If you’re like many people, you probably haven’t stopped to think about how valuable your internet browsing data might be, but believe us when we tell you it’s a gold mine of information for advertisers. And now that Congress has repealed the internet privacy protections that had been approved by the FCC under the Obama administration, it’s becoming increasingly certain that internet service providers (ISPs) will legally be allowed to track and sell your personal browsing information without having to ask your permission.
Think that browsing in private or incognito mode will save you from being targeted? We have bad news for you. While this does prevent the browser (such as Google) from keeping a record of the websites you’ve visited during any given session, your ISP still has full access to your complete browsing history. Since they’re the ones connecting you to the internet, they can basically see your every online move.
So how do you retain your privacy in this brave new world?
- Use a Virtual Private Network (also known as a VPN). This technology encrypts all the information you send from your device and makes it unreadable to anyone – including your ISP. There are lots of VPNs on the market, and some are better than others, but be forewarned, especially if you’re used to browsing at lightning fast speeds, you’ll almost certainly notice a slow down when you browse through a VPN. And many internet streaming services, such as Netflix, cannot be accessed through a VPN connection.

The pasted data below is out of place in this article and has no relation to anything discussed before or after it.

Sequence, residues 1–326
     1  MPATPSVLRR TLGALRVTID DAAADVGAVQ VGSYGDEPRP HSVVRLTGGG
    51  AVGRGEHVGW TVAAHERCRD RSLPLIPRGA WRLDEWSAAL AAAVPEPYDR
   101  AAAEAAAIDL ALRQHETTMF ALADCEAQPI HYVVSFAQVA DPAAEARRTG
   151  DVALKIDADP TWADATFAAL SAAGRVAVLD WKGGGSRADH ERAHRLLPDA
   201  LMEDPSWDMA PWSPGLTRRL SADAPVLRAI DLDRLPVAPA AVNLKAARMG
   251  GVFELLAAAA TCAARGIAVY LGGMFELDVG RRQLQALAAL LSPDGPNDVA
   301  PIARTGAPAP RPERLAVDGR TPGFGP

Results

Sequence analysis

- Opt out of data collection with your ISP. Although it is unclear whether an opt out option will be mandated, we expect that most ISPs will offer an opt out option to avoid negative publicity. The major thing to note here is that if you don’t take the initiative to opt out (which will likely require jumping through a few hoops with a telephone representative) the assumption is that you have opted in, and your data will be free for the taking (and selling).
- Run your browsing through Tor. Tor is free software designed to enable anonymous communication. This is accomplished by directing internet traffic through a network of volunteer operated servers which allows for a user’s location and usage to be concealed from anyone conducting surveillance – including your ISP. But again, Tor’s security benefits come at the cost of decreased internet speeds and sometimes awkward functionality.
Whether you decide to share your information with your ISP (and thereby advertisers) or not is a personal decision. Allowing companies to have access to your browsing history may mean you get better, more targeted deals than those who opt out or circumvent traditional browsing methods. But is saving a few pennies worth giving up your privacy? Let us know what you think!